On Becoming a Global Citizen: Transformative Learning Through Global Health Experiences

Debra Litzelman, Adrian Gardner, Robert Einterz, Philip Owiti, Charity Wambui, Jordan C. Huskins, Kathleen M. Schmitt-Wendholt, Geren S. Stone, Paul O. Ayuo, Thomas Inui, Rachel A. Umoren

Research output: Contribution to journalArticle

2 Citations (Scopus)

Abstract

Background: Globalization has increased the demand for international experiences in medical education. International experiences improve medical knowledge, clinical skills, and self-development; influence career objectives; and provide insights on ethical and societal issues. However, global health rotations can end up being no more than tourism if not structured to foster personal transformation and global citizenship. Objective: We conducted a qualitative assessment of trainee-reported critical incidents to more deeply understand the impact of our global health experience on trainees. Methods: A cross-sectional survey was administered to trainees who had participated in a 2-month elective in Kenya from January 1989 to May 2013. We report the results of a qualitative assessment of the critical incident reflections participants (n = 137) entered in response to the prompt, "Write about one of your most memorable experiences and explain why you chose to describe this particular one." Qualitative analyses were conducted using thematic analysis and crystallization immersion analytic methods based on the principles of grounded theory, employing a constructivists' research paradigm. Findings: Four major themes emerged. These themes were Opening Oneself to a Broader World View; Impact of Suffering and Death; Life-Changing Experiences; and Commitment to Care for the Medically Underserved. Conclusions: Circumstances that learners encounter in the resource-scarce environment in Kenya are eye-opening and life-changing. When exposed to these frame-shifting circumstances, students elaborate on or transform existing points of view. These emotionally disruptive experiences in an international health setting allowed students to enter a transformational learning process with a global mind. Students can see the world as an interdependent society and develop the capacity to advance both their enlightened self-interest and the interest of people elsewhere in the world as they mature as global citizens. Medical schools are encouraged to foster these experiences by finding ways to integrate them into curriculum.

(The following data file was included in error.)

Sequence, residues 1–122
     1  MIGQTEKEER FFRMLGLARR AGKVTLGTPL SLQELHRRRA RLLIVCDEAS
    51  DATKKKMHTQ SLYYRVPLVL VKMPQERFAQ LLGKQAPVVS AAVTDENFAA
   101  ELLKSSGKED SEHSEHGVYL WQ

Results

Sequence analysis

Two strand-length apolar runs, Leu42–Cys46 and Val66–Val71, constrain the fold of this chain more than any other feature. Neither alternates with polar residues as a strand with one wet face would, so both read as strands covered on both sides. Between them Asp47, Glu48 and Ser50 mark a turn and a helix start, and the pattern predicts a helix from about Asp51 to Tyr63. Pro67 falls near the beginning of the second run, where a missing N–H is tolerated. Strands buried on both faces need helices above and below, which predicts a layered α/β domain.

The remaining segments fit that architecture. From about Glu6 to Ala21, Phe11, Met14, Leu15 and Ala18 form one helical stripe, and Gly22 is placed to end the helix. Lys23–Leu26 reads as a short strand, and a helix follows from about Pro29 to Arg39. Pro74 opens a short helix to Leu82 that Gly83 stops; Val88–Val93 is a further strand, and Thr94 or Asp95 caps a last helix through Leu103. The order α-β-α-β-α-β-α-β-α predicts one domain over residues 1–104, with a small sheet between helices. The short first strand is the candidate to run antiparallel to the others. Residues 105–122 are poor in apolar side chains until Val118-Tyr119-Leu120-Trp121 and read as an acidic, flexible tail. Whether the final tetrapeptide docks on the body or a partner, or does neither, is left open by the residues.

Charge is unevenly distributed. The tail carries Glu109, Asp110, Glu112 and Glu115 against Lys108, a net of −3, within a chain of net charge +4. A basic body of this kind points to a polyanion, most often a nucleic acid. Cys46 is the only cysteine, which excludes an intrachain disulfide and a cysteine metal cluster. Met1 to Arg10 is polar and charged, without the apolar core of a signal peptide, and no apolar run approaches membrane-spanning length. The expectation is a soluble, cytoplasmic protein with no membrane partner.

Original languageEnglish (US)
JournalAnnals of Global Health
DOIs
StateAccepted/In press - 2017

Fingerprint

Kenya
Learning
Students
Clinical Competence
Internationality
Life Change Events
Immersion
Medical Education
Crystallization
Medical Schools
Ethics
Curriculum
Cross-Sectional Studies
Health
Research
Global Health
Grounded Theory

Keywords

  • Global health
  • Global health experience
  • Medical education
  • Student experience
  • Training

ASJC Scopus subject areas

  • Medicine(all)

Cite this

On Becoming a Global Citizen : Transformative Learning Through Global Health Experiences. / Litzelman, Debra; Gardner, Adrian; Einterz, Robert; Owiti, Philip; Wambui, Charity; Huskins, Jordan C.; Schmitt-Wendholt, Kathleen M.; Stone, Geren S.; Ayuo, Paul O.; Inui, Thomas; Umoren, Rachel A.

In: Annals of Global Health, 2017.

Research output: Contribution to journalArticle

Litzelman, Debra ; Gardner, Adrian ; Einterz, Robert ; Owiti, Philip ; Wambui, Charity ; Huskins, Jordan C. ; Schmitt-Wendholt, Kathleen M. ; Stone, Geren S. ; Ayuo, Paul O. ; Inui, Thomas ; Umoren, Rachel A. / On Becoming a Global Citizen : Transformative Learning Through Global Health Experiences. In: Annals of Global Health. 2017.
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abstract = "Background: Globalization has increased the demand for international experiences in medical education. International experiences improve medical knowledge, clinical skills, and self-development; influence career objectives; and provide insights on ethical and societal issues. However, global health rotations can end up being no more than tourism if not structured to foster personal transformation and global citizenship. Objective: We conducted a qualitative assessment of trainee-reported critical incidents to more deeply understand the impact of our global health experience on trainees. Methods: A cross-sectional survey was administered to trainees who had participated in a 2-month elective in Kenya from January 1989 to May 2013. We report the results of a qualitative assessment of the critical incident reflections participants (n = 137) entered in response to the prompt, {"}Write about one of your most memorable experiences and explain why you chose to describe this particular one.{"} Qualitative analyses were conducted using thematic analysis and crystallization immersion analytic methods based on the principles of grounded theory, employing a constructivists' research paradigm. Findings: Four major themes emerged. These themes were Opening Oneself to a Broader World View; Impact of Suffering and Death; Life-Changing Experiences; and Commitment to Care for the Medically Underserved. Conclusions: Circumstances that learners encounter in the resource-scarce environment in Kenya are eye-opening and life-changing. When exposed to these frame-shifting circumstances, students elaborate on or transform existing points of view. These emotionally disruptive experiences in an international health setting allowed students to enter a transformational learning process with a global mind. Students can see the world as an interdependent society and develop the capacity to advance both their enlightened self-interest and the interest of people elsewhere in the world as they mature as global citizens. Medical schools are encouraged to foster these experiences by finding ways to integrate them into curriculum.",
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